Flashes of Psycho on a ride through the gruesome landscape of a corpse-obsessed serial killer, with supernatural boy as hero.


XXXtreme Discretion

A psychopathic serial killer who finds his female victims on a hookup website meets brutal justice with the help of a ghostly boy in this paranormal thriller.

Dwight Barnes, 36, a psychopathic serial killer, likes to cruise the hookup website XXXtreme Discretion to find his victims. Using handles like Plussizedluver34 and Lovemlarge36, Barnes hunts targets on the heavy side, unable to stop until he finds a perfect size 12. His “dream girl” must also wear a yellow dress, which he will use to clothe his dead beloved, whose rotted corpse he French-kisses in a coffin in his basement. Unfortunately, the insecure women he meets online tend to lie about their weight. When Barnes, the wealthy owner of a New York–based accounting firm, discovers their dishonesty, it triggers outbursts of lust and violence that will leave some readers queasy. (A meat grinder and a hungry dog come in handy.) But screams are futile in the dungeon of Barnes’ remote hunting lodge in Pennsylvania. That is, until Monica Ross, a Roxbury, New Jersey, detective, sees that several missing women bear striking similarities. As she zeros in on Barnes, a ghostly boy appears in front of her car in a dark tunnel. As the boy lays in a coma in the hospital, his disembodied voice in the minds of key players will ultimately lead to the killer in a ghastly climax. Along the way, Infinito (The Secrets of Hallow, 2014, etc.) plunges readers elbow-deep into scenes of gore and torture. He also deftly “brings to life” the corpse, which, Son of Sam–like, directs the killer’s moves. Though well-paced, the novel’s tone sometimes wavers: “Raised by an abusive father who spent more time fucking him in the ass than teaching him about life, Dwight never thought he’d learn how to give his heart to another person.” Some readers will also shudder as children are maimed and murdered. In short, this page-turner is definitely not for the faint of heart.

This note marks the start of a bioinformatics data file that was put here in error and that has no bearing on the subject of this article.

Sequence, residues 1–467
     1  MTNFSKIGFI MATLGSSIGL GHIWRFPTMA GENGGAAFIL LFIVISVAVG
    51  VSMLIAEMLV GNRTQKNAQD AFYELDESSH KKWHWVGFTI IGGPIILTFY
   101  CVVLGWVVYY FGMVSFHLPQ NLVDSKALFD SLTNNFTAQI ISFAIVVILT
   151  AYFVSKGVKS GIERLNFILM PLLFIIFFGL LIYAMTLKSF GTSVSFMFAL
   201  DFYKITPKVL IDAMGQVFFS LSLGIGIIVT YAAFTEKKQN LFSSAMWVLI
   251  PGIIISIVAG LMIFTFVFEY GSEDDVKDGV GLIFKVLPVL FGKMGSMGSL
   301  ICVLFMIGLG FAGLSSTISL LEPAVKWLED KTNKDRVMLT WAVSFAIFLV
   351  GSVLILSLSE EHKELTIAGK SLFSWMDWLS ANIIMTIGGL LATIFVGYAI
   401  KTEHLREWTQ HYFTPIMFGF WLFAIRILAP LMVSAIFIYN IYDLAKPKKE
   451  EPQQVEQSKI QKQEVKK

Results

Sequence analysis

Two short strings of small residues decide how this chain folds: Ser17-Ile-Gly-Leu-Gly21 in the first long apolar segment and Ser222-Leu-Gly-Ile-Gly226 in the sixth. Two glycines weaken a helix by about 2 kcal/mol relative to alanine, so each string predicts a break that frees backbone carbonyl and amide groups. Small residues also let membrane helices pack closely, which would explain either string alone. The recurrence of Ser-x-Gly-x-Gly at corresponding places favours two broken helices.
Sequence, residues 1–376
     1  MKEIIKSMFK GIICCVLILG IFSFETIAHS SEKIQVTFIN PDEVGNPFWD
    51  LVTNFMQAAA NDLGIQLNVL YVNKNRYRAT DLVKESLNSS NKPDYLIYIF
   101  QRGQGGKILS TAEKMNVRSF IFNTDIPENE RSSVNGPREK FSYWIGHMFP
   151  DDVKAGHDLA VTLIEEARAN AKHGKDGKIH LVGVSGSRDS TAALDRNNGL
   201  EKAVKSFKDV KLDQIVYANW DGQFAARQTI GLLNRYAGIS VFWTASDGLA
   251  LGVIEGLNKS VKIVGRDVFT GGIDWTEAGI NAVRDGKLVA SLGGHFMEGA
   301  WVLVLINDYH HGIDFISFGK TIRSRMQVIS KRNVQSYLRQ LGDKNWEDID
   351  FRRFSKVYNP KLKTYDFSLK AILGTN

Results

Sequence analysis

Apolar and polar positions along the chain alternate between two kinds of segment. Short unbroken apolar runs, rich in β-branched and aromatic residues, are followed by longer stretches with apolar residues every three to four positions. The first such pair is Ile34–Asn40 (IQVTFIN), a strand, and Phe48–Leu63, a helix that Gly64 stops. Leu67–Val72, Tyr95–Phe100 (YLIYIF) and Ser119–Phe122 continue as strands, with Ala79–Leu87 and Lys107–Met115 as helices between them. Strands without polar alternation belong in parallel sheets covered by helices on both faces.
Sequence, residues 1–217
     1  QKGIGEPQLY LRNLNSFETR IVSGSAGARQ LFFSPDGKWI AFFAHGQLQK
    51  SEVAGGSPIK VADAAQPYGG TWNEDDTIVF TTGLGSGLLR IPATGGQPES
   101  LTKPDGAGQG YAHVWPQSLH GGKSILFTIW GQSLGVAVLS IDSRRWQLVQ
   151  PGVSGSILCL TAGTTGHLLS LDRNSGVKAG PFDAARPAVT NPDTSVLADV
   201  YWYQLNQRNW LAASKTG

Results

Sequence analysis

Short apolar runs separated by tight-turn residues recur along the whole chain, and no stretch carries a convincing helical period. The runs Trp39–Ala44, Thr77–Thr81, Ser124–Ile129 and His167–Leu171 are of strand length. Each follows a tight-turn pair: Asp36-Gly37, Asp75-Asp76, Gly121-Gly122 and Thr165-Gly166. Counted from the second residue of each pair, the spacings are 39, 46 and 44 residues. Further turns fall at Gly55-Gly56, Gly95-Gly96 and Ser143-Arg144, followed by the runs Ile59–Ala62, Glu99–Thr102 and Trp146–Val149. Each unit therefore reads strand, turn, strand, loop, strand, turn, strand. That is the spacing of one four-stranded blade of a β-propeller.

Flashes of Psycho on a ride through the gruesome landscape of a corpse-obsessed serial killer, with  supernatural boy as hero.

Pub Date: Feb. 24, 2015

ISBN: 978-1626942417

Page Count: 328

Publisher: Black Opal Books

Review Posted Online: June 1, 2015

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Kin “[find] each other’s lives inscrutable” in this rich, sharp story about the way identity is formed.

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Inseparable identical twin sisters ditch home together, and then one decides to vanish.